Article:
The interior and the exterior are not perfectly matched: the dimensions are a little off (on the canal side wall especially), and there are too few windows on the inside (judging from the exterior, there should be one in the bathroom, and one on each side of the piano – I missed one of those when creating that layout).

Location information and episodes in which we see this house.

Layouts: Canal Cottage (Original) —

Layouts: Canal Cottage (Original)

Things to notice:¬†The early version of the Canal Cottage has a few blank spots and oddities: We don’t know what’s at the back of the kitchen. The corner to the right of the front door is never shown. The dining table in the alcove is only there for the tag of Death Notice.

The renovation happens between two consecutive episodes: 01-07 The Pariah and 01-08 Kill Huggy Bear.

Location information and episodes in which we see this house.

Layouts: Venice Place —

Layouts: Venice Place

 

Things to notice:

The greenhouse furniture changes almost every time we see it, and the back door is never properly seen (Starsky comes in through the greenhouse with a pizza in ‚ÄúThe Game‚ÄĚ tag, so there must be a back entrance there by S4).

In my layout, the bath tub is where it is from ‚ÄúStarsky‚Äôs Lady‚ÄĚ onward. Earlier, there‚Äôs a small closed space on the left and the tub and the window are more to the right (see e.g. when Molly/Pete is pretending to take a bath).

The distance between the tiffany glass wall and the pillar in the middle may vary from episode to episode. The furniture on the street side wall – and the wall itself – is often moved, as that is the direction from which the room is most often filmed. Also, lamps and artwork travel frequently from table to table or from wall to wall, but mostly things in Hutch’s apartment stay nicely in place.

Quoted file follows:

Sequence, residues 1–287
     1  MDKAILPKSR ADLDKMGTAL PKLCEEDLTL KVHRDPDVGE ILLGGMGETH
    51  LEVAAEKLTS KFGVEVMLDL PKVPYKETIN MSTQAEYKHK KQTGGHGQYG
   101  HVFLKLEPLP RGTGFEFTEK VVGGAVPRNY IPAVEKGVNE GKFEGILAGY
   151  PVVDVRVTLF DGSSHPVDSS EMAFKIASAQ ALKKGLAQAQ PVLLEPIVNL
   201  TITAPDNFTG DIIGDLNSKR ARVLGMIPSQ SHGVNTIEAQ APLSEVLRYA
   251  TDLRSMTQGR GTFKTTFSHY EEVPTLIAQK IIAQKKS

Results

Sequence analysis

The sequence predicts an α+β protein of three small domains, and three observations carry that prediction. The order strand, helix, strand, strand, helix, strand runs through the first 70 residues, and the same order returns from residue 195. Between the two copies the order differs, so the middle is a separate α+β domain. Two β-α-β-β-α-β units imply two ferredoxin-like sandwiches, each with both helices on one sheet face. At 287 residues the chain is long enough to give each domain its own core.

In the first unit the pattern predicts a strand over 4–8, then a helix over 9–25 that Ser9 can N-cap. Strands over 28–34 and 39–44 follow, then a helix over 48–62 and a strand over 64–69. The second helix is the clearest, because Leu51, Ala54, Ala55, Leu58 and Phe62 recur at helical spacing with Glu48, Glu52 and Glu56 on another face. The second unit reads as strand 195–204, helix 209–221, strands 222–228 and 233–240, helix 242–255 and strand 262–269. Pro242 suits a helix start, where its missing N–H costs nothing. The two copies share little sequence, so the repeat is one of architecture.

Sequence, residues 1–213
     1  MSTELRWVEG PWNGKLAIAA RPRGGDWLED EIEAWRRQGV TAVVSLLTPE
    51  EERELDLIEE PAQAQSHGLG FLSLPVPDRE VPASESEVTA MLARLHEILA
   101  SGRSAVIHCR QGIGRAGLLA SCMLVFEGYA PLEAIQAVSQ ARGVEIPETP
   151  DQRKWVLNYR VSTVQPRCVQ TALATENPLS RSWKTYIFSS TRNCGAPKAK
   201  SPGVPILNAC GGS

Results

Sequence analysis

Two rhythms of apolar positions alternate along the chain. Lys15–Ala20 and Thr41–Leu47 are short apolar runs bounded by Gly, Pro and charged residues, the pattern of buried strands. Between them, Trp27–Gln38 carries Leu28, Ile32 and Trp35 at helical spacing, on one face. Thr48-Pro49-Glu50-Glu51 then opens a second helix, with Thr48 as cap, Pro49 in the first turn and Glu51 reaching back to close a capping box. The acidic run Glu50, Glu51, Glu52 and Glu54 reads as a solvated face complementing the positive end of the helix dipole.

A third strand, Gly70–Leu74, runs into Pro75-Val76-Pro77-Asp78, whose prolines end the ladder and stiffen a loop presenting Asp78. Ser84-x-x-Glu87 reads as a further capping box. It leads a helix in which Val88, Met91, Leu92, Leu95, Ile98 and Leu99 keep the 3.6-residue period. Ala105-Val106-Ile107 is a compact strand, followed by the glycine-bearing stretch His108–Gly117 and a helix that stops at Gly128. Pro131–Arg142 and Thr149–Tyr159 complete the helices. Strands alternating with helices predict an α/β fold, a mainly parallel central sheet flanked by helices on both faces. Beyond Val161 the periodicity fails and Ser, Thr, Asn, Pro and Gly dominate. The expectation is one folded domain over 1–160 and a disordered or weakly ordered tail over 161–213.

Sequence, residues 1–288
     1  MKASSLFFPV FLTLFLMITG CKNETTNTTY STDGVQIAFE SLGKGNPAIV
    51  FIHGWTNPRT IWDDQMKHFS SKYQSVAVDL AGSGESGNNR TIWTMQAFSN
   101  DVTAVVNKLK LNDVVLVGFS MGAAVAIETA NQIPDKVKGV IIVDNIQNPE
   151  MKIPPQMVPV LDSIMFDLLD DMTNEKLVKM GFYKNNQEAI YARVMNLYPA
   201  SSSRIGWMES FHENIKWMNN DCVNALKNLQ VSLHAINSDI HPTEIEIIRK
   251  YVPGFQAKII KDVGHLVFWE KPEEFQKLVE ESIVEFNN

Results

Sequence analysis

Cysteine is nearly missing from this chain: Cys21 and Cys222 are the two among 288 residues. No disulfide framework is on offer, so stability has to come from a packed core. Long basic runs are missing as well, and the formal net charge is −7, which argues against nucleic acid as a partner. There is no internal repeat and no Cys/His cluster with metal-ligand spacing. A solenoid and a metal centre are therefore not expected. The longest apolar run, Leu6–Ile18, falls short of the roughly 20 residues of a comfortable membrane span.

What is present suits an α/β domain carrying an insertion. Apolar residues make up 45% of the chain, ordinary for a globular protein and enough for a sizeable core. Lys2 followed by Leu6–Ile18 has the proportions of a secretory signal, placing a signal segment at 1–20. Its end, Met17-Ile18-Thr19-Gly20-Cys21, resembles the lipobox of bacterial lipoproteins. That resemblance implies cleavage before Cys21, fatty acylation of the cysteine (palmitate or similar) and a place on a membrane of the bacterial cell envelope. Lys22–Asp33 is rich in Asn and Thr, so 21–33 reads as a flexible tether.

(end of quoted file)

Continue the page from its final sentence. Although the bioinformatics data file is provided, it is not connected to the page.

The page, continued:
Location information and episodes in which we see this house.

Starsky’s Window Blind Art (Tree House) — February 12, 1977

Starsky’s Window Blind Art (Tree House)

Starsky already had some modest window blind art in his Ridgeway house. In his new house, he (or, the rumor has it, PMG) goes wild:

Modern cave paintings in the kitchen window blind seen at least in:

02-19 Starsky’s Lady
04-20 Targets Without a Badge, Part 2
04-21 Starsky vs. Hutch

Some weird figures in his bedroom window blind seen in:

03-14 The Heavyweight

 

Starsky’s Water Cooler —

Starsky’s Water Cooler

When I first saw Starsky’s yellow, chicken-adorned water cooler, I thought it was so great that, in the 70s, you could apparently just walk to a shop and pick yourself a water cooler with such bright colors and fun decorations.

But, alas, I was told that this water cooler is most likely repainted. A quick Google search happened to bring up what I think is the exact model of water cooler Starsky had, in its original white paint. So, whoever did the customized chicken paintwork, they did great work! The quirky illustration is a perfect match for the rest of the Starsky household.

I have spotted this same model of water cooler in a few S1 episodes: there’s a white one in the squad room, and a dark grey one in the basement of Dismas Center (in Silence). It is possible that one of these was customized for Starsky’s house, or maybe the decoration was made for some other show and they just thought it was very Starsky-ish.